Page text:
YSC Summit & More Second Opinions

It's SXSW time in Austin!  Downtown is swarming with celebrities.  But forget about the coolest technology trends and indie breakout acts.  The place to be this weekend was the Young Survival Coalition national summit.  YSC is an organization dedicated to helping young adults with breast cancer.  The conference included three days of inspirational speakers, panels on the latest medical research, and breakout workshops.  I found myself at a first-timers meet and greet, seated at a table of 30-something women, discussing fun topics like hot flashes, joint pain, osteoporosis, and ovarian cysts.  Oh, the joys of hormone-positive breast cancer!

Speaking of ER-positive cancer, I attended an hour-long talk on endocrine therapy with riveting slides such as this one:

I have 20 photos just like this one, waiting to be studied.  Put that on my to-do-list.

I also heard a psychotherapist discuss how to cope with fear of recurrence.  When I am no longer seeing a doctor every week, I can expect crippling anxiety and possible panic attacks.  Good to know.

And of course, I attended the cancer memoir-writing session.  Because my surrogacy memoir needs a dramatic bonus chapter!

In all seriousness, it was inspiring to see so many young people trying to be their own health advocate, make informed medical decisions, and help others to do the same.  I had no idea that there were hundreds of other busy young moms who would want to spend their Friday evening listening to an oncologist give a talk on biosimilars.  The Kendra Scott swag bags probably didn't hurt either.

Image by Ryan Stephens

I missed the DrumFit class and the "Get Your Sexy Back" breakout session because I had to throw Claire's 3rd birthday party on Sunday.  It was rainbow-race-car-themed, because something like Paw Patrol would've been too easy.

But enough weekend fun!  Monday morning means back to medical appointments.  Jeff and I drove to Houston at 5:30am to obtain a second opinion with a breast surgeon at MD Anderson.  (Last time we met with an oncologist.)  They insisted I have a mammogram and ultrasound done first, but don't worry, they were only running two to three hours behind schedule.  I was told that's "normal" for a large medical center.  I'm lucky they let small-town folks like me in the front door.

When I finally saw the surgeon six hours later, the nurse commented that I'd lost five pounds, and I replied, "Yes, I was in the waiting room a long time."  The surgeon herself seemed competent and friendly, but some of my medical records had been misplaced, and ultimately she said the same thing that my local surgeon said.  No fancy targeted lymph node removal for me; it's too risky with my positive nodes and only for HER2+ or triple negative patients who experience total remission.  Everything in the cancer world is so complex that I still feel like I'm missing something.  Jeff and I took frantic iPhone notes on the car ride home, trying to remember any valuable medical tidbit.  Chemo brain has become a real hindrance to saving my life.  Or has it?  I don't know.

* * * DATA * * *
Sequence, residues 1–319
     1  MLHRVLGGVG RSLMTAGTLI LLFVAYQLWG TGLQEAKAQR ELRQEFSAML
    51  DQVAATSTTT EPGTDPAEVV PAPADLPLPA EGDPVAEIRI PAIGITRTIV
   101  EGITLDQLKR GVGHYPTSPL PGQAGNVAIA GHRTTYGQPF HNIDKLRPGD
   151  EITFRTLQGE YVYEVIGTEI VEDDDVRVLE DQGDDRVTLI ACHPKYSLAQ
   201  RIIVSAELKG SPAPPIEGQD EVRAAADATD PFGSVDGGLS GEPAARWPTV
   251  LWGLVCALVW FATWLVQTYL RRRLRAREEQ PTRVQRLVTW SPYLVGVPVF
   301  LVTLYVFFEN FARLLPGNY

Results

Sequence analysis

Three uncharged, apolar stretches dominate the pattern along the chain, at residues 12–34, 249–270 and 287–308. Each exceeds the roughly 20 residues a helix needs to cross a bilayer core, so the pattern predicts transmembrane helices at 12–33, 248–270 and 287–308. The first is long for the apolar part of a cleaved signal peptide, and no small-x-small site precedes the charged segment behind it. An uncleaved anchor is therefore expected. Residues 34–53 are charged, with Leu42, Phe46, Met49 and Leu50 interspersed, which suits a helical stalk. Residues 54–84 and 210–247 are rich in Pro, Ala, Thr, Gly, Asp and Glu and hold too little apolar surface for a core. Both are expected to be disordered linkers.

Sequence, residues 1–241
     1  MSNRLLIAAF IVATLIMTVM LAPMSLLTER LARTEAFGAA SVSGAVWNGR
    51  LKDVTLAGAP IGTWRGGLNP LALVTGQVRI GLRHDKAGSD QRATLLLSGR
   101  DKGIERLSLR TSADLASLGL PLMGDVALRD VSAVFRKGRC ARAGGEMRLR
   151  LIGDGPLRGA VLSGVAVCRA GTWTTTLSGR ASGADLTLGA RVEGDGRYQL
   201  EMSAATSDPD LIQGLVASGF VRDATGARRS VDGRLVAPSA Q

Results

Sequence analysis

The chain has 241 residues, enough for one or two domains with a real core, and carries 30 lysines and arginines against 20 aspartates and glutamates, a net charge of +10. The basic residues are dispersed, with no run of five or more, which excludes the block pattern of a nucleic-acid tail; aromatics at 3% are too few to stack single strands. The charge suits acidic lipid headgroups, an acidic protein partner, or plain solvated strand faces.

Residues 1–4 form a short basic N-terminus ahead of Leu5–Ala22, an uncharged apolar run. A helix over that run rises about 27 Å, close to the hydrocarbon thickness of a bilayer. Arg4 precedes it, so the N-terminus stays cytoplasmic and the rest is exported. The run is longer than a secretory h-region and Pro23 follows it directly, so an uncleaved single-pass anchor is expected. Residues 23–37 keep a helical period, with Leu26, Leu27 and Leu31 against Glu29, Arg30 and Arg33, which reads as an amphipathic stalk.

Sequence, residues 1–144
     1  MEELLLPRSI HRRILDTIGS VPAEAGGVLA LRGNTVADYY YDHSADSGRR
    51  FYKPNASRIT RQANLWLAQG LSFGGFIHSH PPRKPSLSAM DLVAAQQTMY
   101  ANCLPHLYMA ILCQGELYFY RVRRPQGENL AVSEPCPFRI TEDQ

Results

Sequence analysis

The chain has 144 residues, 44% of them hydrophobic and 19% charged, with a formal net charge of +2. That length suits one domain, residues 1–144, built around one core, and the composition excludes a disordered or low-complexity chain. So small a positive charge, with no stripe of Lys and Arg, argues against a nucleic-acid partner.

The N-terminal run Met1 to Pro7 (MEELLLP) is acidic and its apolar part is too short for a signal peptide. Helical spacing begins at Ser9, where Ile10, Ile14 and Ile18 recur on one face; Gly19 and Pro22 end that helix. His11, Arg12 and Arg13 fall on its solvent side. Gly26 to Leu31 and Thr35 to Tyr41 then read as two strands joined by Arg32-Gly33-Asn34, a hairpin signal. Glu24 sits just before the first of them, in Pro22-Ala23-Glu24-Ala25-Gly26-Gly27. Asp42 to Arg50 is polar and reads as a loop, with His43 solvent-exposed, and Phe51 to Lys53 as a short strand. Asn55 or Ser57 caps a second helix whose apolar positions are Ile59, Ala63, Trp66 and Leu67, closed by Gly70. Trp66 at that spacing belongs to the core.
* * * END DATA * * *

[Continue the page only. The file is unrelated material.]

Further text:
1. MDA did not impress this time. How can they be 2.5 hours behind at 9am? Maybe you shouldn't make the out-of-towners get up at 5:30am if they're just going to spend 3 hours in the waiting room. And if they take imaging so seriously that they can't possibly let you see a surgeon without a genuine MDA ultrasound, maybe they shouldn't misplace all the information we had sent over and the physical CDs we hand-carried into their offices last visit. It really felt like a sad factory, and we've got enough sad already.

    But we did see a surgeon at the top of the awesome list. The most relevant difference between her and our local surgeon was that the MDA doctor doesn't rely on palpation (i.e. rubbin' em with yer fingers) during surgery to decide if a lymph node is still compromised and needs to be removed. She uses only pre-surgery ultrasound and makes the decision in advance; she believes palpation to be superstitious and just surgeons being overconfident in their magic hands.

  2. Perhaps MDA should keep some MDA on hand for those languishing in their waiting room. Medical grade, obviously, to counteract the 'sad factory' effect.


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